Racing Lines: Why an unfamiliar race schedule is good for F1

That never really caught on in an era when testing is so heavily restricted, but those who travel out for the annual historic racing festival rave about it as a lovely place to go motor racing. Portugal hasn’t held a grand prix since Jacques Villeneuve won at Estoril for Williams in 1996, so Portimão, on 25 October, is another refreshing addition.

Next stop, Imola and Istanbul

For many, the return to Imola on 1 November – yes, a third race in Italy – will be the highlight of the autumn marathon. For most of three decades, this stunning circuit – I’d argue one of the finest in the world – opened the European F1 season each spring, but it dropped off the schedule after 2006. Okay, it’s the track where Ayrton Senna died, but Imola should never be defined by such tragedy. It’s a return that should be made permanent.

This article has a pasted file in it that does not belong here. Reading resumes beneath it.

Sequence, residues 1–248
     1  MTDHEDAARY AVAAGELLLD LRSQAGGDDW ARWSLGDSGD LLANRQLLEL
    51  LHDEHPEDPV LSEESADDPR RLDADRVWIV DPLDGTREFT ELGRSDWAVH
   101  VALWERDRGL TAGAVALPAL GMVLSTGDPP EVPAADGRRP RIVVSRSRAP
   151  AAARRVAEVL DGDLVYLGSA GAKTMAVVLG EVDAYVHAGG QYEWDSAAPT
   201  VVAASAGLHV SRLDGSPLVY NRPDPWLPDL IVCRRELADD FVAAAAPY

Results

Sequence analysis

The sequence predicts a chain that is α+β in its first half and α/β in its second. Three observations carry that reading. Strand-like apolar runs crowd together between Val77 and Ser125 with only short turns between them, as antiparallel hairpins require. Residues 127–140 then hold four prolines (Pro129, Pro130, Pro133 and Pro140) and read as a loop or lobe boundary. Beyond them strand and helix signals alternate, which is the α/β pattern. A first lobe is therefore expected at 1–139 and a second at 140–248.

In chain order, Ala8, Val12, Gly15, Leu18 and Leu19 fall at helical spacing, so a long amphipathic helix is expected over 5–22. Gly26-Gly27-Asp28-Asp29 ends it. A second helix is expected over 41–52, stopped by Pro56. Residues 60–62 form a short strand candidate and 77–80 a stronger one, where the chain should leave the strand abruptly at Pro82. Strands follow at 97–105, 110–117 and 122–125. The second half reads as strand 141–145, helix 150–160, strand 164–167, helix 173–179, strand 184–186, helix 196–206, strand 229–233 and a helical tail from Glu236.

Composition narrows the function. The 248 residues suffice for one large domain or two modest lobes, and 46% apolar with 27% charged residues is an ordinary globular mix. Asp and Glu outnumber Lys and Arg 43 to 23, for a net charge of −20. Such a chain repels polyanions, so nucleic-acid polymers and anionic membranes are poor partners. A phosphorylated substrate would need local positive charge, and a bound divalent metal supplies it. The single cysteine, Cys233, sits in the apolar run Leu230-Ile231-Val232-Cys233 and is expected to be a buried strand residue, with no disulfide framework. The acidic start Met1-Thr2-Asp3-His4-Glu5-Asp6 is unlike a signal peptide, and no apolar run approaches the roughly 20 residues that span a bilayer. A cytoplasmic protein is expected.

Then, on 15 November, F1 travels to Turkey for the first time since 2011 for a proper Lazarus moment. It’s not that Istanbul Park was unpopular. Quite the contrary: by new-circuit standards, F1 track designer Hermann Tilke produced one of his finest on the Asian side of the Bosphorous.

But given Turkey’s lack of obvious motorsport connections, no one in F1 ever expected to go back when the place hit financial strife. The fabled multi-apex Turn 8 and the long drag up to Turn 12, where Sebastian Vettel and Mark Webber famously collided in 2010, will offer a pleasing spectacle in this hybrid era.

Arabian promise

A triple-header in the desert is hardly a shock, considering the climate advantages – not to mention how the region is awash with oil money. Two rounds at Bahrain’s Sakhir circuit, on 29 November and 6 December, doesn’t sound special; the place is hardly Silverstone. But Ross Brawn and his team have come up with a great idea to enliven the prospect.

The second race will be held on an alternative layout, Sakhir’s so-called ‘outer track’, that promises a spectacle as close to American oval racing as F1 has experienced since Monza’s ancient banking was still in use. At just 2.2 miles in length and featuring barely a left-hand bend of any significance, sub-60sec lap times should make this race a classic slip-streamer, over 87 laps of a circuit that’s longer than only Monaco.

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